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A Growing Edge To Russian Military Sales Part Two

disclaimer: image is for illustration purposes only
by Martin Sieff
Washington (UPI) Dec 17, 2007
Russia's ability to sell vast quantities of tough, durable, modern weapons systems to nations around the world is rooted in the military experience and consequent design experience of its arms industry -- one very different from that of the United States.

For decades, U.S. military supremacy in war, as well as its prosperous and remarkably growing dynamic economy and society in peacetime, has been based on the principle of cutting-edge technology and innovation. This was how the United States in the past quarter century was able to dramatically outpace Japan and Germany in applying the lessons of the information technology revolution from communications to iPods and personal computers.

This philosophy has served the United States well in its wars, too. The Union Army during the Civil War pioneered the use of railroad logistics, supply and rapid transportation of larger military forces. Even then, U.S. use of air power in the forms of observation balloons and sea power in terms of pioneering ironclad, armored, powered warships was remarkably innovative and years, sometimes decades, ahead of European practice.

By contrast, Russia was the world's dominant land continental power for hundreds of years, dominating vast tracts of both Europe and Asia, and repeatedly forced to fight for its very survival in long, bloody land wars involving hundreds of thousands, and eventually millions of troops on both sides.

Russia was a predominantly command economy with the state directing and controlling the lion's share of resources even under the czars and even then, military power and overwhelming superiority in numbers of troops and weapons over neighbors was the primary concern of the state. This tendency only intensified under the Soviet system after the 1917 communist revolution.

The Soviet Union won its 1941-45 Great Patriotic War against Nazi Germany -- the longest, bloodiest and most intense single military conflict in recorded history -- in large part because it was able to manufacture enormous numbers of extremely cheap, mass-produced, durable weapons systems that were simple but highly effective and easily replaced.

The U.S. achievement in producing enormous numbers of weapons -- especially combat bombers, fighters, transport aircraft, trucks, heavy artillery and warships during World War II -- was even more impressive than the Soviet Union's.

Nevertheless, the motivating traditions that came out of the U.S. World War II experience were very different:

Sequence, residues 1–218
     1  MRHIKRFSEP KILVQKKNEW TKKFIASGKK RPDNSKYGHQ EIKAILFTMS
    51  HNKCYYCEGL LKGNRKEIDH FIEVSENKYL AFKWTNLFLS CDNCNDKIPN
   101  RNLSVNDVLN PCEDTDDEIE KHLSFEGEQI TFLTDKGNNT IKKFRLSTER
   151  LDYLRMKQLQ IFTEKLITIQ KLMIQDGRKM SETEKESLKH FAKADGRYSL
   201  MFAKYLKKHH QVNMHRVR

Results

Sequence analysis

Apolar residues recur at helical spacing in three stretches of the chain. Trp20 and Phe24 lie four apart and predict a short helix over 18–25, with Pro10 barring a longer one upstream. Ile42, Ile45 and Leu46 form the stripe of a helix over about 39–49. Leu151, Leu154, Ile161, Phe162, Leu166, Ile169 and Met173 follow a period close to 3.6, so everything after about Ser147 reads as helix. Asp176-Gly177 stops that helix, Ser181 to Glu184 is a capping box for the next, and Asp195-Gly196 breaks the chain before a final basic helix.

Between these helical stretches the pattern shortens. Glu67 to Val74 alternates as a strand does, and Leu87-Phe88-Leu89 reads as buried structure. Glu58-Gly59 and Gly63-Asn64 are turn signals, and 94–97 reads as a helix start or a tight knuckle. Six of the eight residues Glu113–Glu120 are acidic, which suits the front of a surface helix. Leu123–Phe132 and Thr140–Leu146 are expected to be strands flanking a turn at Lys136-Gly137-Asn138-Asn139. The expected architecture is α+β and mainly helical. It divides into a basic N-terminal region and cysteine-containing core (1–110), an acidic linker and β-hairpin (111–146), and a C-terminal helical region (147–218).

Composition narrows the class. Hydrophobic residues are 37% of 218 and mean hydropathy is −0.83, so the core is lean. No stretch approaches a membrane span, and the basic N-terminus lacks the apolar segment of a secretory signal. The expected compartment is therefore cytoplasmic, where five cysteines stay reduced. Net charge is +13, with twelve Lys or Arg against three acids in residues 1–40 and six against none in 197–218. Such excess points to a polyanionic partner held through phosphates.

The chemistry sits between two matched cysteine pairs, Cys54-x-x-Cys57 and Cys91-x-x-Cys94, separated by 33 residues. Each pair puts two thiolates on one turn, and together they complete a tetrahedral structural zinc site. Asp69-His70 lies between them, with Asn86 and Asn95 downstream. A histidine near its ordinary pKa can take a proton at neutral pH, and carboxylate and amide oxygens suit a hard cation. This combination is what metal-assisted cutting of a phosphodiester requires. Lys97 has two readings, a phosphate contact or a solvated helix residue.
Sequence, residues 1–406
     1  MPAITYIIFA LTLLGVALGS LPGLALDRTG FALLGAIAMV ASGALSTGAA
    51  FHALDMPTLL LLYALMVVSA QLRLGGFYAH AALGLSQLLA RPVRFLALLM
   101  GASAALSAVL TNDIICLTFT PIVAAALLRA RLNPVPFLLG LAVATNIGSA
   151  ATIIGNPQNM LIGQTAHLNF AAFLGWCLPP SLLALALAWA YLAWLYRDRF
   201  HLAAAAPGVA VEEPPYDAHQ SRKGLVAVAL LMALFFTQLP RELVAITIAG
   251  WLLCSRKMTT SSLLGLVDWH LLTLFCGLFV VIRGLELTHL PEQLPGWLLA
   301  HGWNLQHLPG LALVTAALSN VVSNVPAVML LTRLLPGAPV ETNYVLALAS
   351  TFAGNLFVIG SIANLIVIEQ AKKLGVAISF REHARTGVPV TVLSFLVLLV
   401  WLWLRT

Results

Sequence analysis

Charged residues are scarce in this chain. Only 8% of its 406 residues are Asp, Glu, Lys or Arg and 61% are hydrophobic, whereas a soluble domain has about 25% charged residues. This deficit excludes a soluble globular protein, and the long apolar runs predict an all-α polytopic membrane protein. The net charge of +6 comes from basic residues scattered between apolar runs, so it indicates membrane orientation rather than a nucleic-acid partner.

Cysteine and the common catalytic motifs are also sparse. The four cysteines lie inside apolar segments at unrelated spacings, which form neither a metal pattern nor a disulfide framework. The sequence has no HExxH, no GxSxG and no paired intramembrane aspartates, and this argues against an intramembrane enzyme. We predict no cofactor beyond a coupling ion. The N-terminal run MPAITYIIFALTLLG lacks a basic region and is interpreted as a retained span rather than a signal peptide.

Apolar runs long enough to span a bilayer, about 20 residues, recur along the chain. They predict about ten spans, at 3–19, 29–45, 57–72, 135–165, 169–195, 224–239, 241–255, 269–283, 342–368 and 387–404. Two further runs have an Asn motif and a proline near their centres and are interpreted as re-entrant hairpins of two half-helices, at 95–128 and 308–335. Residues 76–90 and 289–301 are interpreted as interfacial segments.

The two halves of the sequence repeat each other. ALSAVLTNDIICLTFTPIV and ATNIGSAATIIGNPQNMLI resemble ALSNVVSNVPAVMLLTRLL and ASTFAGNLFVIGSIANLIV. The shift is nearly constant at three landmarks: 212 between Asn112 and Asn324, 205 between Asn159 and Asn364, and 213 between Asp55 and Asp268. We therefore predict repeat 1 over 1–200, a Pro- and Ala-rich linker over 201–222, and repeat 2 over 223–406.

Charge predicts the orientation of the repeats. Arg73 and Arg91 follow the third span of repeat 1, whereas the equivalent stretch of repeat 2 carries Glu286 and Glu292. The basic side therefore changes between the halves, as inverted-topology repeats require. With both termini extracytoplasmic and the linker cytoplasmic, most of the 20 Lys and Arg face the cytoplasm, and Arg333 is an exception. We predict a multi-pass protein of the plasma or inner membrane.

In large part because of the outstanding achievements of such aircraft as the Boeing B-29 Superfortress strategic bomber and the North American P-51 Mustang air superiority combat fighter, and the remarkable achievement of designing and constructing the world's first atomic bombs, the United States came out of the war with conviction that cutting-edge superiority in advanced technology was the dominant factor in building weapons systems to assure America's security and dominant global position.

The trauma caused by the sensational series of Soviet space firsts from the first artificial satellite Sputnik 1 launched in October 1957 to Col. Yury Gagarin's achievement as the first man in space and the first human to orbit the Earth in April 1961 intensified this American obsession on regaining and maintaining high-tech dominance.

It led directly to the creation in 1958 of the Defense Advanced Research Projects Agency, and it has served the American public and economy as well as the U.S. military exceptionally well over the past six decades.

But the fact remains that this fundamental difference in design philosophy underlies why the Russian arms industry, while decade behind the United States in many advanced technology areas, still manages to perform so well today.

(Next: Where the Russian advantage works)

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Greece Set To Buy Up Big With Russian Military Sales
Moscow (UPI) Dec 17, 2007
The Athens authorities have decided to buy 415 BMP-3 infantry fighting vehicles from Russia. (United Press International's "Outside View" commentaries are written by outside contributors who specialize in a variety of important issues. The views expressed do not necessarily reflect those of United Press International. In the interests of creating an open forum, original submissions are invited.)

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